All it takes is a simple dog-training question to bring out The Crazies.

Recently, the author Tim Ferriss posted this question on his Facebook page:

I’m all for positive-reinforcement dog training, but most experts seem to dodge a major question: What can you do when pups do something “bad” … besides ignoring it? Re-directing is one way to get them to temporarily stop, but it wouldn’t seem to teach them that something isn’t allowed. Anyone with experience out there? Thanks!

Of course, this totally legit question brought out all kinds of drama as people started getting emotional over different training techniques. You know, how you should never scold a dog because you could scare him and that sort of thing. Please.

I thought it was a good question.

How to stop a dog's bad behavior

When people truly have questions about how to train a dog, I think it’s important to offer down-to-earth solutions without going into attack mode.

I’m not worried about Tim Ferriss, but I’m a little worried for other new dog owners who ask innocent questions.

So, I thought I’d ask all of you the same question.

What do you do when a puppy does something “bad”?

Leave your answer in the comments.

My answer:

If a dog or puppy is doing a behavior I don’t like, I’ll calmly say “no” and then re-direct the pup to a more appropriate behavior and reward that. I also do all I can to prevent the unwanted behavior in the first place.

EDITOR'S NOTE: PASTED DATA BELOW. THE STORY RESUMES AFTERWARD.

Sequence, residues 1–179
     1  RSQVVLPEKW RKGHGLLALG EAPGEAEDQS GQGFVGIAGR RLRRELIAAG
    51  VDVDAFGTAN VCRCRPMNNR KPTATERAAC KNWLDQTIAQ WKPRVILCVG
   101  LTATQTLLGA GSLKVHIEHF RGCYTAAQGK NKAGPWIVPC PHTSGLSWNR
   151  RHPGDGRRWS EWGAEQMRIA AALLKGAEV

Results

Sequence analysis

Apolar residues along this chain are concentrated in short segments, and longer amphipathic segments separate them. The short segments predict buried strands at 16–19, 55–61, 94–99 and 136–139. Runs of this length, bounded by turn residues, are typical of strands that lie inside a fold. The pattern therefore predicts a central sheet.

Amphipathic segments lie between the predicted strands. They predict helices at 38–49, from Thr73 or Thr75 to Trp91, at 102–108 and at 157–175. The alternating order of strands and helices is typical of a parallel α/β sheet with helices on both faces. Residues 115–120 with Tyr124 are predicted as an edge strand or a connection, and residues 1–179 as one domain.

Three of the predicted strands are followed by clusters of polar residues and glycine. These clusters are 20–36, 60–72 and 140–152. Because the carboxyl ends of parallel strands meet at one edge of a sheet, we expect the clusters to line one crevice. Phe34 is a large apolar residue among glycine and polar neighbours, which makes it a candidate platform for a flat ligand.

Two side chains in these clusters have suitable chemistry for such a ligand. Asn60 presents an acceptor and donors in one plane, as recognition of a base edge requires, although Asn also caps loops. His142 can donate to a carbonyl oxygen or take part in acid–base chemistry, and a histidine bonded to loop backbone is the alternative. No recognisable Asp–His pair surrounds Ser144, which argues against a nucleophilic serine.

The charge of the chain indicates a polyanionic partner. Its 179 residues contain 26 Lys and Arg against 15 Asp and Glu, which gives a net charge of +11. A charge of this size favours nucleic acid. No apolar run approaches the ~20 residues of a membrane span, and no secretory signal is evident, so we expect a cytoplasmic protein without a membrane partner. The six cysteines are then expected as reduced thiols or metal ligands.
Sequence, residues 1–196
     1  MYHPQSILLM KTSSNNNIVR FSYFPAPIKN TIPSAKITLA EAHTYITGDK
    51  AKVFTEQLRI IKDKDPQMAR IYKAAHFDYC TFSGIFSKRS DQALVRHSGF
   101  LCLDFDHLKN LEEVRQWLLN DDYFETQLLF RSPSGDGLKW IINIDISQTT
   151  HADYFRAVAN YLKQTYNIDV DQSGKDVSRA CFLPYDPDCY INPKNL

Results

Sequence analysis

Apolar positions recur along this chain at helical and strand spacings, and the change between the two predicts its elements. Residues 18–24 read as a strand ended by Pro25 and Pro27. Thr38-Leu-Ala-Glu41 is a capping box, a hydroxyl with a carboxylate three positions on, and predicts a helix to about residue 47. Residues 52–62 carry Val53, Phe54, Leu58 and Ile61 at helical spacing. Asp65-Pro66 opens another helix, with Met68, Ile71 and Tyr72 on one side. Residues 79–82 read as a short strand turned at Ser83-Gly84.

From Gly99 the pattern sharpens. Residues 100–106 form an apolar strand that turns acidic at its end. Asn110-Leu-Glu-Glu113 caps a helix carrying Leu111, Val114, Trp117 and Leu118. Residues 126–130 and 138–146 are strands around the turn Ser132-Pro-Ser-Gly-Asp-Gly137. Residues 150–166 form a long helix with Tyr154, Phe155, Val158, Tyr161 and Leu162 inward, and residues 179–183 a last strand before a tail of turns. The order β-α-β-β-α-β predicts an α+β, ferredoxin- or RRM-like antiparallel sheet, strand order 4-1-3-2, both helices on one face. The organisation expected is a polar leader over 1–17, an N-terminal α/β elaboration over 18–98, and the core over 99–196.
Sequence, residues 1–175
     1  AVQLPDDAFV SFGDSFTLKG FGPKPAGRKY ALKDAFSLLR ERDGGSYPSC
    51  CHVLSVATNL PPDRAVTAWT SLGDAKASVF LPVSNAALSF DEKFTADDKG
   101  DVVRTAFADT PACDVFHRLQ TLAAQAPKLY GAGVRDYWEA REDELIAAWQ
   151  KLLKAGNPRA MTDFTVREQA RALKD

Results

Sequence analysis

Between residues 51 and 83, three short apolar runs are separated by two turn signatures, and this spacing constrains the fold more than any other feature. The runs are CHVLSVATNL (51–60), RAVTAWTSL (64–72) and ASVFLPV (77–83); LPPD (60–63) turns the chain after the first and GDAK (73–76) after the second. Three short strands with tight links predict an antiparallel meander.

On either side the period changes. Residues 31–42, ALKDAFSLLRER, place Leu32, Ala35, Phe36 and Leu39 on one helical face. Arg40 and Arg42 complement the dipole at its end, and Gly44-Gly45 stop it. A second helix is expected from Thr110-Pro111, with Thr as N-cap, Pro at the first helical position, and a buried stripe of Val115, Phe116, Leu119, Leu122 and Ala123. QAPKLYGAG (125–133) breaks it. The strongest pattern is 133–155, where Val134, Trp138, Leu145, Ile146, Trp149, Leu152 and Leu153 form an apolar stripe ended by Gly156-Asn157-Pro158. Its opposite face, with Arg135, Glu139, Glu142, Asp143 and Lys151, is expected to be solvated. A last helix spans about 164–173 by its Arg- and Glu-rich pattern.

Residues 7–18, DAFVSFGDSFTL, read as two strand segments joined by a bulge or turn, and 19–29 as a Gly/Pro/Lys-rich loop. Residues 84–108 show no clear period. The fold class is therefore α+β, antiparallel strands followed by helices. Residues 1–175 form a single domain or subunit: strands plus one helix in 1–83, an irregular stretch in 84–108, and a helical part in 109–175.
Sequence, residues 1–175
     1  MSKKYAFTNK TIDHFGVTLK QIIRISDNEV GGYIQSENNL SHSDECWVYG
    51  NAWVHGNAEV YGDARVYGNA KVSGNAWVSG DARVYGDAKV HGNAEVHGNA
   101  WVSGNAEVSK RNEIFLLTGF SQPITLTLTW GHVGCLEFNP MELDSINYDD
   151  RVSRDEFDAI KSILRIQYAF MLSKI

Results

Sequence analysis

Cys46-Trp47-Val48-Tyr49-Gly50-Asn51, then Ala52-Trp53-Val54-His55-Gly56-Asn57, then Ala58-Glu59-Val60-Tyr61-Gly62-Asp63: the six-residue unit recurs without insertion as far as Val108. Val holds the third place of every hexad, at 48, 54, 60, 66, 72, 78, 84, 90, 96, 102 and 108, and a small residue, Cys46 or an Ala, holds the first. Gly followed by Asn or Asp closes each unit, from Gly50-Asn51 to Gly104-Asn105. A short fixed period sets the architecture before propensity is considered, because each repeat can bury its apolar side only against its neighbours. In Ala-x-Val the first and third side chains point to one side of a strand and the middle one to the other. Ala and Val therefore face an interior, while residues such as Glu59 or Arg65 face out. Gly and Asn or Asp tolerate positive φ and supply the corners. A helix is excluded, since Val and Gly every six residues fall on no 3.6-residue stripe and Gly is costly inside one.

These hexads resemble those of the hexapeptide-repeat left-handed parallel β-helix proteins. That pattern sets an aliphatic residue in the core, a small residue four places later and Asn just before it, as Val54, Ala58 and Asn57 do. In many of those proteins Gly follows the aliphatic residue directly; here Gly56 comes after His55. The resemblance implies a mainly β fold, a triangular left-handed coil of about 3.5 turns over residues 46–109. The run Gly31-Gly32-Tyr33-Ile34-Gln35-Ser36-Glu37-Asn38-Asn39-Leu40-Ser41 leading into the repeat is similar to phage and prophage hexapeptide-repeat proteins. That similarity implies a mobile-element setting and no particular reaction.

That’s pretty much it.

Is this positive reinforcement? Is it, God forbid, aversive? I don’t really know or care.

I think we tend to overcomplicate dog training, which is probably why so many people do not bother to train their dogs at all. They truly think they can’t because everyone is flooding them with advice, and that advice is often conflicting.

I actually try really hard not to give people dog training advice unless asked.

Pitbull puppy

Yes, my blog posts are often written about training, but people are free to take or leave the information or adjust it for their own unique dogs and unique circumstances. I never want to tell anyone else what’s best for his or her own dog.

A good example is the post I wrote earlier this month on electronic dog fences. I loved the responses I got form that post. Lots of positive comments even though we don’t all agree. Not a single person became overly emotional or rude in the comments. Not one.

I think it’s because we have a great, open-minded online community here.

That’s a rare thing.

Thank you.

How do you stop a puppy’s unwanted behavior?

Let me know in the comments! This will be a great resource to share with new puppy owners and first-time dog owners.